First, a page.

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Convergence on R->R

  1. Mar 5, 2009 #1
    Let fn : R [tex]\rightarrow[/tex] R be the function
    fn= [tex]\frac{1}{n^3 [x-(1/n)]^2+1}[/tex]

    Let f : R [tex]\rightarrow[/tex] R be the zero function.
    a. Show that fn(x) [tex]\rightarrow[/tex] f(x) for each x [tex]\in[/tex] R
    b. Show that fn does not converge uniformly to f. (This shows that the converse of Theorem 21.6 does not hold; the limit function f may be continuous even though the convergence is not uniform.)

    a. i'm not sure...
    is f(x) equivalent to f1(x)?
    If it is.... then... the function would be...
    [tex]\frac{1}{[x-1]^2+1}[/tex]
    [tex]\frac{1}{x^2-2x+2}[/tex]
    but i'm not sure how to show fn(x) [tex]\rightarrow[/tex] f(x) for each x [tex]\in[/tex] R
    b. Theorem 21.6 states,
    " let fn: X[tex]\rightarrow[/tex] Y be a sequence of continuous functions from the topological space X to the metric space Y. If (fn) converges uniformly to f, then f is continuous. "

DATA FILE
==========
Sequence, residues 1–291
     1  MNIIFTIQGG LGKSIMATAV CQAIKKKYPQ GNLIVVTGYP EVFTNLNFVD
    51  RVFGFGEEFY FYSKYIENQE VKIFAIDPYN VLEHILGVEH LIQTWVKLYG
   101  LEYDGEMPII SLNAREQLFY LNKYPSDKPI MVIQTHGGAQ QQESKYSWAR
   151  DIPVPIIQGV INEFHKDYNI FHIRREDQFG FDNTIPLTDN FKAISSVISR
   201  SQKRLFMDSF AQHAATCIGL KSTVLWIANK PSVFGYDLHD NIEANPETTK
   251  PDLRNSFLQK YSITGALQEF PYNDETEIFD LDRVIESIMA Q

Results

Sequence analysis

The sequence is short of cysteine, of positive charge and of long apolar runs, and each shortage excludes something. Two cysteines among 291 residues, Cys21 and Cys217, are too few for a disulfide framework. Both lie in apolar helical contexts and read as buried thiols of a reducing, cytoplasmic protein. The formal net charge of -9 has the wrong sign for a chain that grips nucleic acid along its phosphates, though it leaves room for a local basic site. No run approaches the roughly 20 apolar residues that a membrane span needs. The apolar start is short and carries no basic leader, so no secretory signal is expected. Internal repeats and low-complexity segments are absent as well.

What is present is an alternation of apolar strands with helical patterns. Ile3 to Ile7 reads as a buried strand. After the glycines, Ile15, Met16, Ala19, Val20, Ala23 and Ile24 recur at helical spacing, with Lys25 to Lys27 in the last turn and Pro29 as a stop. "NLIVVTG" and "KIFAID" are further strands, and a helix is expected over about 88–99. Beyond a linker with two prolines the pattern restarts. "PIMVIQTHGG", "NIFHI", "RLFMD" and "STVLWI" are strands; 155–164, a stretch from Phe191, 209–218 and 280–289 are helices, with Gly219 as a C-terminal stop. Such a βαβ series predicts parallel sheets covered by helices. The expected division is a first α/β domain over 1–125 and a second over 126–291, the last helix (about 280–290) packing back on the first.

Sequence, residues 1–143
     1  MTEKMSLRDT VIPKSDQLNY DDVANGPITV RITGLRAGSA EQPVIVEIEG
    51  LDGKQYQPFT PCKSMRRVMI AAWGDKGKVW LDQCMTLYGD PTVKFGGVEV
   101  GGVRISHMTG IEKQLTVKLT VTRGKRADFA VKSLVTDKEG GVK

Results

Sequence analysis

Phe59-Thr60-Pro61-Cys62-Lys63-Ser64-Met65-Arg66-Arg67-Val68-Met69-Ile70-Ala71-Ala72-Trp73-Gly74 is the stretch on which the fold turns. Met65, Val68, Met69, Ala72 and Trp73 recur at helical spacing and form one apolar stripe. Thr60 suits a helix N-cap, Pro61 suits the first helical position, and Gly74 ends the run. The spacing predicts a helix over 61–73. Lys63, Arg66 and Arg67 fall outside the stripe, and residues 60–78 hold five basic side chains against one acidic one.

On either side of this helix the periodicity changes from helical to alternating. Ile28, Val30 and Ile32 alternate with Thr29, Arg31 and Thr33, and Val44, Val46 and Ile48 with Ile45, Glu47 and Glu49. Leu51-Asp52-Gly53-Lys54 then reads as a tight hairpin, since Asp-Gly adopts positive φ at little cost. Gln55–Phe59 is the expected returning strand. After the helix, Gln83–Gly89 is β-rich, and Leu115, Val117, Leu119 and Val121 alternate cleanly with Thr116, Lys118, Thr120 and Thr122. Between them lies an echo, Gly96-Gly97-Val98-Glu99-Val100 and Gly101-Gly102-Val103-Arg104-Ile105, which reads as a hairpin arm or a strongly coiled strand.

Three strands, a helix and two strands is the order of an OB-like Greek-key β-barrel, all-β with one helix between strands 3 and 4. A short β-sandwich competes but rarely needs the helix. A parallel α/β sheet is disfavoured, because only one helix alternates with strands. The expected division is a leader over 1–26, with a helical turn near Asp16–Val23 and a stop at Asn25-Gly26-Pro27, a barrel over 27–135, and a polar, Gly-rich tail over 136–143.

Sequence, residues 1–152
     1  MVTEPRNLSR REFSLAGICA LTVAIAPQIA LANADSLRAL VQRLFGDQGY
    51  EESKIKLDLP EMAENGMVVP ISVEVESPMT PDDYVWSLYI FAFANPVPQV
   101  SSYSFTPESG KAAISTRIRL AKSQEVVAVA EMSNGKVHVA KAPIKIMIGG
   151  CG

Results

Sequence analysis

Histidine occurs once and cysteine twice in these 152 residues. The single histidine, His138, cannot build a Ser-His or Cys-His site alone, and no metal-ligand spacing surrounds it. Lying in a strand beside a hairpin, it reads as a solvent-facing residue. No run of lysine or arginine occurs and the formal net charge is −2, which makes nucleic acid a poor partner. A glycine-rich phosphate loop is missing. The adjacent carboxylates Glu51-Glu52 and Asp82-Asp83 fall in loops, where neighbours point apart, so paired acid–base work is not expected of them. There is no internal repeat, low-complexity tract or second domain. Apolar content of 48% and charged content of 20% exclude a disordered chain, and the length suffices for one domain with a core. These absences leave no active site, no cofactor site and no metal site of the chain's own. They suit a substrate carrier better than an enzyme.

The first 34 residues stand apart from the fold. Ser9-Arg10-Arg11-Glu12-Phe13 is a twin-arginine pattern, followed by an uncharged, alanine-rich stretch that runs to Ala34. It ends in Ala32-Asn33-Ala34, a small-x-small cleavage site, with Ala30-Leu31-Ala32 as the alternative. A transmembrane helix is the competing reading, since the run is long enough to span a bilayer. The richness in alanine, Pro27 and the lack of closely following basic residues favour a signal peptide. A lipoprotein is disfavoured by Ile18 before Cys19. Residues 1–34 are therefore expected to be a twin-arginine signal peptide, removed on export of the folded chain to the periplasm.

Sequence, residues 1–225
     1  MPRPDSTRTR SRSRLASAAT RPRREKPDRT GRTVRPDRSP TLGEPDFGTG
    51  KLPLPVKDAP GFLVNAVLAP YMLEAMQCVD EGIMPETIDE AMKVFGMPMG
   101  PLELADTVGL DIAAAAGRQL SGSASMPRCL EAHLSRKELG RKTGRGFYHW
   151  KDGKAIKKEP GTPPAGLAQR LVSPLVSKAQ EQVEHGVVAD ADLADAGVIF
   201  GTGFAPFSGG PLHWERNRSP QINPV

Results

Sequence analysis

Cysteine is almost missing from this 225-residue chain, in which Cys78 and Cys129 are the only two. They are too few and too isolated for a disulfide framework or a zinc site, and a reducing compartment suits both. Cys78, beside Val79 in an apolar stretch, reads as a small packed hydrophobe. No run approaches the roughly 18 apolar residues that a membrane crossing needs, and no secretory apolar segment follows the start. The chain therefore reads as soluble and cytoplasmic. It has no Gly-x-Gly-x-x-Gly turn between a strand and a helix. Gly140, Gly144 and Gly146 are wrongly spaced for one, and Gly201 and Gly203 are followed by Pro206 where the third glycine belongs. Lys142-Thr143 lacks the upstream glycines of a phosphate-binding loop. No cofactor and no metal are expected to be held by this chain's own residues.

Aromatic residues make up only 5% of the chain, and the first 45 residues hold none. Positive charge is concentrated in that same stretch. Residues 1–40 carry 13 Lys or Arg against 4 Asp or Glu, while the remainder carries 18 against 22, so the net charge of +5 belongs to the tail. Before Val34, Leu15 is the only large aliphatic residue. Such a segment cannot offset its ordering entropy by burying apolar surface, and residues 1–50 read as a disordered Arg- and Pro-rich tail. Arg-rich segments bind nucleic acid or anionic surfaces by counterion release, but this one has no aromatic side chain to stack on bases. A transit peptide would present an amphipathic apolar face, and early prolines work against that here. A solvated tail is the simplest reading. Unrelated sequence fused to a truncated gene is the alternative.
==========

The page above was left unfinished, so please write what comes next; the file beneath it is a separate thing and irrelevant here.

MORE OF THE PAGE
The converse of this is...
    "If f is continuous, then (fn) converges uniformly to f. "

    i don't know how to prove a function is not convergent.

    Can someone help me?
    Thank You
     
  2. jcsd
  3. Mar 5, 2009 #2
    ad a) I would say, just multiply out the brackets in the denominator and look at what happens if you take [tex]\lim_{n\rightarrow \infty} f_{n}(x) [/tex] for fixed [tex] x [/tex].
    ad b) Uniform convergence means, that [tex] \sup_{x\in \mathbb{R}} |f_{n}(x)-f(x)| \rightarrow 0[/tex]. Now try to choose your x such that you see, that this does not happen (you should see what to do by looking at the demoninator).
     
  4. Mar 5, 2009 #3

    HallsofIvy

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